For the first time ever, VSU’s African American Studies program is offering a course that uses music icon Beyoncé to teach a wide range of important topics involving women in pop culture.
The AFAM 3600 course, called Black Women in Modern America, is using Beyoncé’s second visual album, Lemonade, as a starting point to explain the topics discussed in the class and the program.
Some of the many topics discussed in the class are correlations between female empowerment and feminism, women’s suffrage, stereotypes surrounding African American women, black sexuality and women’s bodies.
But Beyoncé’s visual album does not just touch on topics relating to AFAM Studies. It also provides historical context.
In the video for her song “Hold Up,” she embodies the goddess known as Oshun in African mythology. This video offers a historical reference to a site where 75 Igbo people drowned themselves at Dunbar Creek in resistance to slavery.
Touching on similar topics within itself, Lemonade achieves five course objectives within the AFAM studies curriculum, according to Professor Caterina Orr, who teaches the class.
“Course objectives that are more specific to this class are ‘to gain historical perspective of the representation of the black woman’s impact on America; analyze Beyoncé’s Lemonade within the theoretical framework of black feminism; acquire knowledge of the tenets of black feminist theory; understand the influence of slavery in relation to black women’s bodies and how it informed societal views of black women and their sexuality,’” Orr said.
While the subjects taught in this class relate to the AFAM studies program, these themes also relate to all women, with Lemonade’s prominent theme being empowerment.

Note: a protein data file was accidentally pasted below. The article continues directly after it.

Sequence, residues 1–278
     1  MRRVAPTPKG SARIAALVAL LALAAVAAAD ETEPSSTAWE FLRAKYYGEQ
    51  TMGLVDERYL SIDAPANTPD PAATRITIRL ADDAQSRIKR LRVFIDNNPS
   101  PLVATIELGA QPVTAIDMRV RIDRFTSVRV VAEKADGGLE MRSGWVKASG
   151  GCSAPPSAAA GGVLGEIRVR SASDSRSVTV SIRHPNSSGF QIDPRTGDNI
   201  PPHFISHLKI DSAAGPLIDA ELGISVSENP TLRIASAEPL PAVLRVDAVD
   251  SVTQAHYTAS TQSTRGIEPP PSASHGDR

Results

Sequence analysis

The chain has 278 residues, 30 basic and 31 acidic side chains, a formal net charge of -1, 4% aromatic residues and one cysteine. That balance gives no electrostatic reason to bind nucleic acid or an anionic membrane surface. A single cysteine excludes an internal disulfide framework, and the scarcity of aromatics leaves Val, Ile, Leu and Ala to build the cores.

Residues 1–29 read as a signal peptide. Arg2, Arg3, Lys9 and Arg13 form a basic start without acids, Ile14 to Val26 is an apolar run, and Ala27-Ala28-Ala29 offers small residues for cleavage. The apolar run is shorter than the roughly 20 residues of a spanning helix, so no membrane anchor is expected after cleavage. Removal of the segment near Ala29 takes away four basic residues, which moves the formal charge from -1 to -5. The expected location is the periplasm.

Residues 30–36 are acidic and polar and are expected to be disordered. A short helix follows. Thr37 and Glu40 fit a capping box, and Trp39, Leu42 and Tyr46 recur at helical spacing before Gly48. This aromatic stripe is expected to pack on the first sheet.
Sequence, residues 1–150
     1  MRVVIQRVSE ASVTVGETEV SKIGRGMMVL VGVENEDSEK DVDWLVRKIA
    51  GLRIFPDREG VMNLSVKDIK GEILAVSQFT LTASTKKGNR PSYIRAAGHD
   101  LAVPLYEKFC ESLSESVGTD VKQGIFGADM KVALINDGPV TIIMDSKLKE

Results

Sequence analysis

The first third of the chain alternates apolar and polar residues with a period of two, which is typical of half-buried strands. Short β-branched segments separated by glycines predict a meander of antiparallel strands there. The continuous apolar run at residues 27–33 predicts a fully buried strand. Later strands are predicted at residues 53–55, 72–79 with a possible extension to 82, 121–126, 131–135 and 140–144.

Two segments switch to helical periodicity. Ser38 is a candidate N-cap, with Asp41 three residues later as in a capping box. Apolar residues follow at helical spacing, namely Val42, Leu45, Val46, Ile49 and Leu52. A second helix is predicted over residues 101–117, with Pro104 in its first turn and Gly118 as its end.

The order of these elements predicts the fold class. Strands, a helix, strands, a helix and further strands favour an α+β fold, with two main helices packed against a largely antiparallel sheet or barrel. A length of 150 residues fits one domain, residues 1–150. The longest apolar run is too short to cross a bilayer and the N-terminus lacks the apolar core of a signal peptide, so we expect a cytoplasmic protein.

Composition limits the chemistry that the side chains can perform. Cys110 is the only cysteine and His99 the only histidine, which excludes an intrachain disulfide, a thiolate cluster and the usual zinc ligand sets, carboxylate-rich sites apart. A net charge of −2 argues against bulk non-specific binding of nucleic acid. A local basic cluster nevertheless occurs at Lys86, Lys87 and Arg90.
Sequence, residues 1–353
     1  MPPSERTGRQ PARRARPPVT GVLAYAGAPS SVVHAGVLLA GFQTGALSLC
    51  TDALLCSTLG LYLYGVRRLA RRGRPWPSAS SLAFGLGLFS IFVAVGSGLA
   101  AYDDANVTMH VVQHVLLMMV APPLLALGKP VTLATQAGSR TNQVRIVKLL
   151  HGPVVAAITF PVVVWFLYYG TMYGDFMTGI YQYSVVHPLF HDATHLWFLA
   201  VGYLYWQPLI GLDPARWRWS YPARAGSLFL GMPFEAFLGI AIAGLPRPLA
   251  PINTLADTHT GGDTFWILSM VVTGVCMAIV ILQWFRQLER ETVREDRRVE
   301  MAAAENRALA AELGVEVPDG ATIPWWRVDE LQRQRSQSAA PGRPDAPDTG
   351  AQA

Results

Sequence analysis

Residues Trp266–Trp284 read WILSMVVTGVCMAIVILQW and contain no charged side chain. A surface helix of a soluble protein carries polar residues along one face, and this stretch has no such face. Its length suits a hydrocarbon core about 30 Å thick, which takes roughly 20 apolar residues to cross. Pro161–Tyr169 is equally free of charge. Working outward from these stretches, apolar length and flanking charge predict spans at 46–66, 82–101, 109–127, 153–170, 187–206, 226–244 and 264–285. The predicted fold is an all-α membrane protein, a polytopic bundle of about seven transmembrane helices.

The album’s name itself speaks to this empowerment. The subjects of many songs on the albums are of Beyoncé’s personal life struggles, or “lemons,” which she used to make “lemonade” out of difficult situations.
Orr said this is something all women can relate to.
“It seems to be related to the battles women have to fight on a continuous basis,” she said. “These battles are deeply rooted in feminism, which calls to things such as intersectionality where black women are faced with racism, sexism and classism.”
Orr elaborated saying that, like the class, Beyoncé’s music is not just for African American women but women as a whole—especially those women who face problems pertaining to gender.
Orr said the class will broaden one’s horizons, as well as help show a part of what shapes America. This allows for critical thinking and self-discovery and helps eliminate harsh stereotypes for women of color—and women in general—by shining a light on an obstacle-ridden path black women trekked to fight oppression.
Learning about these things makes students better-rounded and is why Orr encourages students outside the AFAM program to take this class. It could even fight stereotyping on a larger scale.
“Discourse is the medium by which understanding evolves,” she said. “Where there is understanding of different cultures, stereotypes are not able to thrive and, theoretically speaking, fear cannot exist.”
The idea for the class is rooted in a conversation between AFAM Coordinator Dr. Tameka Hobbs and Orr. They saw low enrollment for the Black Women and Pop Culture course and thought of solutions to rectify it.
Dr. Hobbs mentioned that other institutions were having success teaching classes around Beyoncé’s second visual album, and thus, the class was born.
With a background as a playwright, screenwriter and owner of an editing service, Orr was excited to teach this class, as it fused visual elements and theatrics.
The class started this semester and is held from 12:30-1:45 p.m. on Tuesdays and Thursdays in Nevins Hall.
This story was updated by Bryce Ethridge at 6:18 p.m. on March 6.
Story and photo by Maria Sellers, Staff Writer. Cover photo courtesy of Pexels.com.
For more News, click here